January 31, 2012
You are delivering a talk at this conference on the reform of the International Monetary Fund, which you call an unfinished agenda. Can you provide the backdrop to that talk?
The IMF is – how should one put it politely – a work in progress. It has evolved over time, and now it is working with a group of 20 countries to try to put some structure on the operation of the international financial markets and the global economy.
The fund essentially faces three challenges. Number one, it is engaged in surveillance, trying to identify economic problems where they threaten global economic and financial stability, and it hasn't always done a good job. Number two, it must respond to those problems through emergency lending and other means when they are detected. Again, it hasn't always carried out that function as well as it might. And number three, it has to regain the confidence of its members, partly by improving its operations and partly by improving its own governance, so that rapidly growing countries are better represented there.
There have been criticisms of some of the moves that the IMF enforced in terms of austerity when developing countries ran into debt problems. Are you thinking about that as well?
The current example of that is ironically not in a developing country, but in Greece, where a very severe economic crisis required outside intervention. The IMF became the indispensable agent for intervening. The European Union and Greece’s EU partners couldn't negotiate tough conditions, and couldn't reach an agreement with the Greek government about what kind of difficult steps they would take in return for outside financial assistance. So they had to turn to the fund.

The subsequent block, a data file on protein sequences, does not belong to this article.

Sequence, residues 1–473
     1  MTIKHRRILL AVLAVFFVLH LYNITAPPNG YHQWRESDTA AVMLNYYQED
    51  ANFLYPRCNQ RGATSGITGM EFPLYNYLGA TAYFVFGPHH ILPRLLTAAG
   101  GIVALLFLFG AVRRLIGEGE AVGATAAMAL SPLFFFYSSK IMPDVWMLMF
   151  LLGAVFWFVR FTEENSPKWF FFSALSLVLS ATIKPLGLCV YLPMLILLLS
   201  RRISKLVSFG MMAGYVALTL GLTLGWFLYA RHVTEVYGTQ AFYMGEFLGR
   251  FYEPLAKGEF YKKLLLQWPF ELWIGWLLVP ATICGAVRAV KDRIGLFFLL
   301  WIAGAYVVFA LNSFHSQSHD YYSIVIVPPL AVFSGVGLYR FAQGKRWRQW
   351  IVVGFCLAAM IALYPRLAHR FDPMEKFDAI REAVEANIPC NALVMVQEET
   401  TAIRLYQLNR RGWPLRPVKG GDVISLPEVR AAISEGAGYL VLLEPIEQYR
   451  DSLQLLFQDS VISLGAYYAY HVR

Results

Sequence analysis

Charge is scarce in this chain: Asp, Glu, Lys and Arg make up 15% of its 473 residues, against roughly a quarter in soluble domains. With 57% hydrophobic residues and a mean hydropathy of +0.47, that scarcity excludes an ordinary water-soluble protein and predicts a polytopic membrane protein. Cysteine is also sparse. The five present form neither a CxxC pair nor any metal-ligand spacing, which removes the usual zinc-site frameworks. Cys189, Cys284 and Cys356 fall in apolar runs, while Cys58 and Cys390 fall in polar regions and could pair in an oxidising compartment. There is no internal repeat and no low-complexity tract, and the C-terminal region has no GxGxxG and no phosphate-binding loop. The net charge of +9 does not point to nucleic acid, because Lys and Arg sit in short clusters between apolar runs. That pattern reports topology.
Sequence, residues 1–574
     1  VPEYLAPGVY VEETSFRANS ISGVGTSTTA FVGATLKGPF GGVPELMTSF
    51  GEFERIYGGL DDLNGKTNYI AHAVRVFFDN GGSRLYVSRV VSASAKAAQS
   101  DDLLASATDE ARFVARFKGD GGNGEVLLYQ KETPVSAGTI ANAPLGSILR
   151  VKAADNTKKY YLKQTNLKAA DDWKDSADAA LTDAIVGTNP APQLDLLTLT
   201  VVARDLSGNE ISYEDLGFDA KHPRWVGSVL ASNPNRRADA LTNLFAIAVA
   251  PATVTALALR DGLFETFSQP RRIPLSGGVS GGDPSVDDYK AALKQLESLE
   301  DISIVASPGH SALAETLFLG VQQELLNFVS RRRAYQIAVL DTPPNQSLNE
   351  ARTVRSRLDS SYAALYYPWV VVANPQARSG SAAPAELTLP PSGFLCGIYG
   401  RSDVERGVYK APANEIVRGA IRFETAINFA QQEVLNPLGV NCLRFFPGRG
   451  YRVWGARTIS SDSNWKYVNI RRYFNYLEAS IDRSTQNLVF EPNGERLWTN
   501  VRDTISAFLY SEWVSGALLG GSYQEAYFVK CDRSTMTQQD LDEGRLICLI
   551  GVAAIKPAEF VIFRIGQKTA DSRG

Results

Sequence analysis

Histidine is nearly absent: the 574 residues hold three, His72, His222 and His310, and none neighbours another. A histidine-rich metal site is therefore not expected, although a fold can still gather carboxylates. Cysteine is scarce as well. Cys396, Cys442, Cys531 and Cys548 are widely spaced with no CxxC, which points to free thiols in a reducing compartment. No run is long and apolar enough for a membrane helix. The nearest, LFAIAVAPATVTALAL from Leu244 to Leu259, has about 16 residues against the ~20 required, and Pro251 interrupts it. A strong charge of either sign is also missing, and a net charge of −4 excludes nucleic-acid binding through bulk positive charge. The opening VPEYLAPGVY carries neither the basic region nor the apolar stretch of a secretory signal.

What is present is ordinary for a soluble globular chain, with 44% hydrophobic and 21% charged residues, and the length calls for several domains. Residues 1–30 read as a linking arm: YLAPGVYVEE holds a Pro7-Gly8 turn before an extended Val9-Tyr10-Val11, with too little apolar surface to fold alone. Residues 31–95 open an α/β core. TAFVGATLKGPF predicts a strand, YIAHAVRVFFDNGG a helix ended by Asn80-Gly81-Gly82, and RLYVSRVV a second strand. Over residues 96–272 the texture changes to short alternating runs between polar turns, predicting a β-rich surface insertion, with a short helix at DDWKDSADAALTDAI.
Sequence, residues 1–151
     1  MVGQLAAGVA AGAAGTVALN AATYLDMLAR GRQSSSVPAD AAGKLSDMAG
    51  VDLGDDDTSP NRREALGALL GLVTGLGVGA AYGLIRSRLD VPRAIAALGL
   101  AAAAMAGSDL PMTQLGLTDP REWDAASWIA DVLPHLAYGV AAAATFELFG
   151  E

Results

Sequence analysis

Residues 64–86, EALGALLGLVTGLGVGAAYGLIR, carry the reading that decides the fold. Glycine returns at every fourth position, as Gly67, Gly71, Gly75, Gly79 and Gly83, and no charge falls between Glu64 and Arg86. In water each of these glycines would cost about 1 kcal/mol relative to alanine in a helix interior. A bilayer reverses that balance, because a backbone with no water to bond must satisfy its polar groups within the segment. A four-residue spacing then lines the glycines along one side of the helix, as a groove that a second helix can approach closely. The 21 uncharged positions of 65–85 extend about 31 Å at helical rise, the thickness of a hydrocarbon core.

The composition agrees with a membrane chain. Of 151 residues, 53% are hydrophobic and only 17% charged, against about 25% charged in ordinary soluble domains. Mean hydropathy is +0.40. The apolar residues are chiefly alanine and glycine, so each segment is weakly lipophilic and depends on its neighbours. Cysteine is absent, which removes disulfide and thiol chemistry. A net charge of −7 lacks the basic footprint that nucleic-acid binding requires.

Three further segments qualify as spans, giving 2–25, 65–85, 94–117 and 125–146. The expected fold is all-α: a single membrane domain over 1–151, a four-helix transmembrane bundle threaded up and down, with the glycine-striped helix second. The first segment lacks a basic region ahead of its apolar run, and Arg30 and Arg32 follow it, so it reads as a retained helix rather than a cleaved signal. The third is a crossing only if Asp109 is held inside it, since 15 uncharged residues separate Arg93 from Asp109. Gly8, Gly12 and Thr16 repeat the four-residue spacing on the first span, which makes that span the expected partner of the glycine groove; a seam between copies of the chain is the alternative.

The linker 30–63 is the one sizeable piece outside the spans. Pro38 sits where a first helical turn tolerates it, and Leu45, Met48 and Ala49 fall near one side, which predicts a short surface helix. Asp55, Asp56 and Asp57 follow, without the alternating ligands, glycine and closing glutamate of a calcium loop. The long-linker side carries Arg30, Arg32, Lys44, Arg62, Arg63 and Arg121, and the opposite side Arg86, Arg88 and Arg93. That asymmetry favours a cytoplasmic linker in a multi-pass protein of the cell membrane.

Greece is a case where it is clear that painful cuts have to be put in place, and that the Greek government has been living way beyond its means. The problem though is that the same medicine was applied elsewhere in other countries that have turned to the IMF for assistance, including Portugal and Ireland. A valid criticism of the fund has been that in the past that it hasn't varied its advice sufficiently with circumstances. It has always gone to the same playbook, and there is some evidence of that problem still today.
For the IMF to make a significant change in its approach and in its process and philosophy, it presumably depends on the key members of the IMF buying into that. We saw a change in leadership at the IMF last year with Christine Lagarde, formerly the finance minister in France, taking on the role as the head of the IMF. Do you have the sense that there is an appetite among the leading developed countries which have historically been the principal funders of the IMF for that kind of dramatic change?
It's hard to generalize about the leading countries. They understand that the IMF has to change with circumstances, and learn from its mistakes. The last couple of managing directors of the fund, not only Mrs. Lagarde, but Dominique Strauss-Kahn as well, have both been intellectually flexible, and they have succeeded finally in moving the IMF into the 21st century.
In addition, the fund is doing a couple of other things that I'm aware of. Number one, they have an independent evaluation office where people independent of the fund and some internal folks who are independent of operations evaluate what has worked and what hasn't. In addition to that, they are trying to become more diverse in terms of what kind of people they hire.
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